Actually this is not a melodramatic foray, but a fact. My sister fell in love and despite the fit I threw because I felt she was too young, got married to a boy from Colorado. Before we knew it, her writing became no more and she was a mother of two sons.
It’s an ongoing frustration I have – the fact that she no longer writes but spends her day catering to those two monkeys (whom I adore endlessly.) I have, on more than one occasion, argued with her about the fact that she gave up a passion, a deep sincere love which was writing to have a family – a decision I don’t understand – but she argues that her passion is now being a mom. I wish I could comprehend that, but as someone whose potential attempt at motherhood is years away, I just can’t. To me, it’s foreign and all I can see is what she gave up; all she can see is what she didn’t.
I would never dare to compare myself to a Brontë these days, as I know for a fact it’s not in the cards. I also would never dare to wager a bet on my sister pursuing writing again, because, well, it’s also not in the cards. As I try to accept the choices she made, (with my mother consistently telling me that “you can’t live someone else’s life”), I am still conflicted by it all. A published piece you wrote or a day as a mom? I’ll take the former, thanks. This difference in opinion has led to a full on feeling of anger sometimes that my sister thought it “OK,” to abandon a potential career in something at which she was really great. Granted, she’s an amazing mother (because she’s amazing at everything she does), but she’s still no longer a writer – and that’s where my heart breaks. I see it as giving up on dreams; again, she sees it as dreams changing.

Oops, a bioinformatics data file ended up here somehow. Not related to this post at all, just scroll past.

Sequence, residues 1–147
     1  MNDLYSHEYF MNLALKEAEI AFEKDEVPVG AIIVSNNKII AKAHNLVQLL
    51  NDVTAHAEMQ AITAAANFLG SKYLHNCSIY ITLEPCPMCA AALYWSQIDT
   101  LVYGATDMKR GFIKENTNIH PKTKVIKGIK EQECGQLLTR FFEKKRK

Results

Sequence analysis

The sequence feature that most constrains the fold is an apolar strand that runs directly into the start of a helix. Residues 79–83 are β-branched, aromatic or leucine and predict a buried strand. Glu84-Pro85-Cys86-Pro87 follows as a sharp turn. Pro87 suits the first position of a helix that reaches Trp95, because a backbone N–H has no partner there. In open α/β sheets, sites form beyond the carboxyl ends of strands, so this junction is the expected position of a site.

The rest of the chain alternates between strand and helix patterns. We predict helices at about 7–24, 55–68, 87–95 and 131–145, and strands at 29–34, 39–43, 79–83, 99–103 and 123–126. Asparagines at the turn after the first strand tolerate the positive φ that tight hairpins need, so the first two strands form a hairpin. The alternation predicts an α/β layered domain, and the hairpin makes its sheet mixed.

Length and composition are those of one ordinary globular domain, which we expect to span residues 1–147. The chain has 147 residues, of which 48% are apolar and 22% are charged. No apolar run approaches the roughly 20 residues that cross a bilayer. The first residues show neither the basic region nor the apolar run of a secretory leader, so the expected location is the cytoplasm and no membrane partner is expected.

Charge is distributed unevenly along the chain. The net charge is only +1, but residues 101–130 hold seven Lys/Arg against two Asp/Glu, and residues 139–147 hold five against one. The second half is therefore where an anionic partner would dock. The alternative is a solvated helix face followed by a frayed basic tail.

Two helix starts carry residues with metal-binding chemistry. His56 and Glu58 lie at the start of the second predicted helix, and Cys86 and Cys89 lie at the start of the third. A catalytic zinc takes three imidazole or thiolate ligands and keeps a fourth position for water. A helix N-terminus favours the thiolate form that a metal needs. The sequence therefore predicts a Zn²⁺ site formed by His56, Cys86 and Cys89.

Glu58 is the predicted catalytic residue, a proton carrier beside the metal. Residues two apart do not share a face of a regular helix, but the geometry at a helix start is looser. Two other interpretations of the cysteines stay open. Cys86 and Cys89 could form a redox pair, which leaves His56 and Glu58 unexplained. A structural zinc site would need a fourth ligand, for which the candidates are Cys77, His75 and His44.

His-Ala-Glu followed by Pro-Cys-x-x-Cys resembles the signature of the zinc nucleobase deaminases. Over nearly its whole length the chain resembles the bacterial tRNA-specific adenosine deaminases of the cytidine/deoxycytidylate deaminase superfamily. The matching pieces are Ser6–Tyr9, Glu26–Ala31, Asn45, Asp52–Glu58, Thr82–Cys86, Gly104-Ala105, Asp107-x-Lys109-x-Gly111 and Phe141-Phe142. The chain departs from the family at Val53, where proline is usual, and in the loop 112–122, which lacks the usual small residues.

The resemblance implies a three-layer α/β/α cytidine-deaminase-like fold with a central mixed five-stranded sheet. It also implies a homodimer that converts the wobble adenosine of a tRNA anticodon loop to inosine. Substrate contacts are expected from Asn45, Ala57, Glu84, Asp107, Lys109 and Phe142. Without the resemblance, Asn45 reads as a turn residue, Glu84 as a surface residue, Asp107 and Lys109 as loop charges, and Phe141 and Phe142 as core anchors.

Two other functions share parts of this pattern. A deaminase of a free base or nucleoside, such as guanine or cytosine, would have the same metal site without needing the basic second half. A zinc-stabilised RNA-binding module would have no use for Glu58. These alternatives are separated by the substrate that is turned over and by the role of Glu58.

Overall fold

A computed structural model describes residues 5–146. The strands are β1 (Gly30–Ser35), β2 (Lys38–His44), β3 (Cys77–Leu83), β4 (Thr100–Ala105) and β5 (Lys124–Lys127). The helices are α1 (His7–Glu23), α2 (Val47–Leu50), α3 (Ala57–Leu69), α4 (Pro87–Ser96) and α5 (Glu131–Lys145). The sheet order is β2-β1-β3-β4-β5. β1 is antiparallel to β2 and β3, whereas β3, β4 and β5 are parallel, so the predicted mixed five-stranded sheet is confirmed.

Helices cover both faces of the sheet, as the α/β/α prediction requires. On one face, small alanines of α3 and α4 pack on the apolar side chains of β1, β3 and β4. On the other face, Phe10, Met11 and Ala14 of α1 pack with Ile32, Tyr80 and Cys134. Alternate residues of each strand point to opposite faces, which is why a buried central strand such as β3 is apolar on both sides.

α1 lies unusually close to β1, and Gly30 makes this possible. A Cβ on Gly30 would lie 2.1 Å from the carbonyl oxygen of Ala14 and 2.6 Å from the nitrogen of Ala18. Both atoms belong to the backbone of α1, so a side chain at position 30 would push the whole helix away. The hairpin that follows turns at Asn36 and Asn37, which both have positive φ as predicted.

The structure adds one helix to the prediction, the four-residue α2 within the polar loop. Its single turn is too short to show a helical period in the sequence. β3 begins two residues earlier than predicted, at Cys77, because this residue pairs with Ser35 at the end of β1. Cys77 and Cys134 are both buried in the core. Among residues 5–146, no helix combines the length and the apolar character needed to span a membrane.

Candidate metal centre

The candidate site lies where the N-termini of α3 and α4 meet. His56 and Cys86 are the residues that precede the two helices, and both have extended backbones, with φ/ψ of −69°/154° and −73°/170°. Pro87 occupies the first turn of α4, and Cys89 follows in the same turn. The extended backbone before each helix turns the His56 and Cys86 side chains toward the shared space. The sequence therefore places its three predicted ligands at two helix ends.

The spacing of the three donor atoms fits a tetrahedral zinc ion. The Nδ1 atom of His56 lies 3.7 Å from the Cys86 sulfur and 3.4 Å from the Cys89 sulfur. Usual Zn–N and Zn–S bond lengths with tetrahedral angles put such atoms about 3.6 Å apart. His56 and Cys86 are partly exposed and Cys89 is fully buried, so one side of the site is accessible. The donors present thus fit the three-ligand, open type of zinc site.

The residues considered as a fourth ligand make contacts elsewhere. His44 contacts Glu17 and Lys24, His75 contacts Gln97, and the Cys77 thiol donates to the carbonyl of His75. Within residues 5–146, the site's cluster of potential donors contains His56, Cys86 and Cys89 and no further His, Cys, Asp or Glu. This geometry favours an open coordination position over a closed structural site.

No matter what my sister chooses, I will always have her back. She is the greatest love of my life and all else comes second to me – even writing. I know that I will always struggle with the choices she made, the writing she gave up, but I have tried to accept what has come of it. I also know that it will forever be an argument for us, but such is life.
The only saving grace of it all are my nephews. Whenever I’m face to face with those two, my heart swells and I’m grateful my sister chose marriage and babies instead of writing. They may be nasty, little germ-ridden creatures who call me Auntie Bob instead of Mandy, but fuck, I know I would never have it any other way. For those two alone, she having given up writing is worth it.